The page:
A call for homes journalism for the 99%
I am a journalist who has written a weekly column on homes or gardens for eight years. As a result, people often give me copies of the homes sections of other newspapers, and I’m invariably struck by the conspicuous consumption that’s rife in the field. The New York Times‘ Home & Garden section is particularly guilty in this respect, as if the newspaper automatically assumes that its readership is found in the 1% of our population who controls 95% of the wealth. (http://www.nytimes.com /pages/garden/index.html) Although many of the Times’ readers do fall into this select 1%, one would think that at a time when journalism is in deep trouble, beset by competition from online media and the rising costs of production, a newspaper would prefer to present articles that reflect the genuine interests of the vast majority of the population that might conceivably read it. To profile nothing but expensive homes is at best an offhandedly elitist behavior and at worst a vulgar action, like intentionally flaunting diamond rings in front of street beggars.
Think of it this way. New York City is filled with taxi drivers, hair stylists, warehouse workers, loaders and haulers, schoolteachers, restaurant servers, and people who push food carts. The city contains countless actors, singers, buskers, dancers and musicians. There are thousands of transit workers, health care workers, repairmen, construction workers, social services workers and countless other hard-working individuals who all live in the same crowded metropolis and breathe the same air. But despite these myriad numbers of ordinary people, there’s only one Trump (thank goodness), one Bloomberg and a relatively small number of financiers, real estate moguls, diplomats, and corporate CEOs. I have no doubt that in a city of eight million people, there are indeed large numbers of people whose income places them in the 1%, but there are 99 ordinary hard-working people (if not many, many more) for each Trump. Yet the Times directs its journalism only at that one percent at the top. How about a little diversity and inclusiveness, folks?
My own homes column is very different. The majority of its profiles have been real-life houses with real-life issues, often older houses which are finally receiving care or attention after decades. (http://www.heraldtimesonline.com/homes/) Many are “green” in some way. Some are quirky yet beautiful artists’ houses, decorated on a shoestring. Every now and then I’ll spotlight a gorgeous new remodeled kitchen or bathroom in which no expense has been spared; but the operative word is “remodeled”. These are older homes that have received a deserved facelift, not the sparkling and immaculate newly-built homes of the super-wealthy. I could narrow my topics and focus only on my city’s local privileged class; but I prefer to write instead on topics that will strike a chord with and engage the imagination of the ordinary reader. As a result, the column is extremely popular.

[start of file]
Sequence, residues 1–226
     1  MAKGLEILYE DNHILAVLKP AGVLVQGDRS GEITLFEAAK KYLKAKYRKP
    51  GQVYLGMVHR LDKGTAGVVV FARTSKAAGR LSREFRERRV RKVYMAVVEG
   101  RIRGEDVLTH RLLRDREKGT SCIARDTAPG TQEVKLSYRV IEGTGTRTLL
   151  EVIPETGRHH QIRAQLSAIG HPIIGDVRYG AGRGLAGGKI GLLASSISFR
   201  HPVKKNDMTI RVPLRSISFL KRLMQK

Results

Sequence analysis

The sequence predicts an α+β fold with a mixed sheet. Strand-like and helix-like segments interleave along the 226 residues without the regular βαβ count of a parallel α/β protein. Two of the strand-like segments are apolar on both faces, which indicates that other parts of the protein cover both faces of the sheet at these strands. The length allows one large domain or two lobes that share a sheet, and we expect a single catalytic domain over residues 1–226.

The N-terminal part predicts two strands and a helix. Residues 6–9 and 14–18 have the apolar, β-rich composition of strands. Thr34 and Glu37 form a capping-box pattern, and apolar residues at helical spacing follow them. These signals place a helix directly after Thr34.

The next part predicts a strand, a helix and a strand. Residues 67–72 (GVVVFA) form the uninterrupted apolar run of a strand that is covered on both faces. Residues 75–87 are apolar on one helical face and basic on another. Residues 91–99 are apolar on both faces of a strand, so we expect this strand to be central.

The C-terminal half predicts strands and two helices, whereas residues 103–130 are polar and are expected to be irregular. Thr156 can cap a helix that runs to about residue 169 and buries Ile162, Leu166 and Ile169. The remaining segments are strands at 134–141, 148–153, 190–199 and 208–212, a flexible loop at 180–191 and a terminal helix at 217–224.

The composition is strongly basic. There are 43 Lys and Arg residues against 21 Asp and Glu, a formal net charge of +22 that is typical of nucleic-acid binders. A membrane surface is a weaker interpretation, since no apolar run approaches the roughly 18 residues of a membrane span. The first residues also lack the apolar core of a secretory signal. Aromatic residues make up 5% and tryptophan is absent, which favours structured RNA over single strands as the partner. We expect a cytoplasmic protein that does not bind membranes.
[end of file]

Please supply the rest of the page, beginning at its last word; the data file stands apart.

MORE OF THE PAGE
New York City has little in common with Bloomington, Indiana, but it seems to me that the New York Times could learn a valuable lesson from the homes section of the Bloomington Herald-Times. There is indeed interest, uniqueness and drama to be found in tales of ordinary people’s homes. But whenever I peruse a copy of the Times’ home section, I feel as though I am completely divorced from their reality, because their reality seems to consist of millionaires’ homes in which a team of decorators and finishers have united to create a modern palace for a privileged individual. But what has that to do with a genuine home?
Consider the recent British movie, “The Trip,” with Steve Coogan and Rob Bryden, in which the two go on a trip of England’s North Country while engaging in a peculiar form of competitive friendship. At the end of the trip they part and go off to their separate homes. Rob’s small and crowded row-home is occupied by a wife and a baby, and everything inside it sings out “home”; whereas Steve’s impressive penthouse has a fabulous view and is perfectly decorated, but it’s empty, devoid of other human life and lacking any sense of homeliness. It’s a space that’s designed to impress outsiders, but his life inside this penthouse is pathetic and lonely. The New York Times Home & Garden staff ought to watch the end of this film and consider it carefully. A more democratic approach to housing articles is definitely in order for the Times. After all, we who comprise the 99% are becoming quite tired of peeping through the palace gates at the royalty within.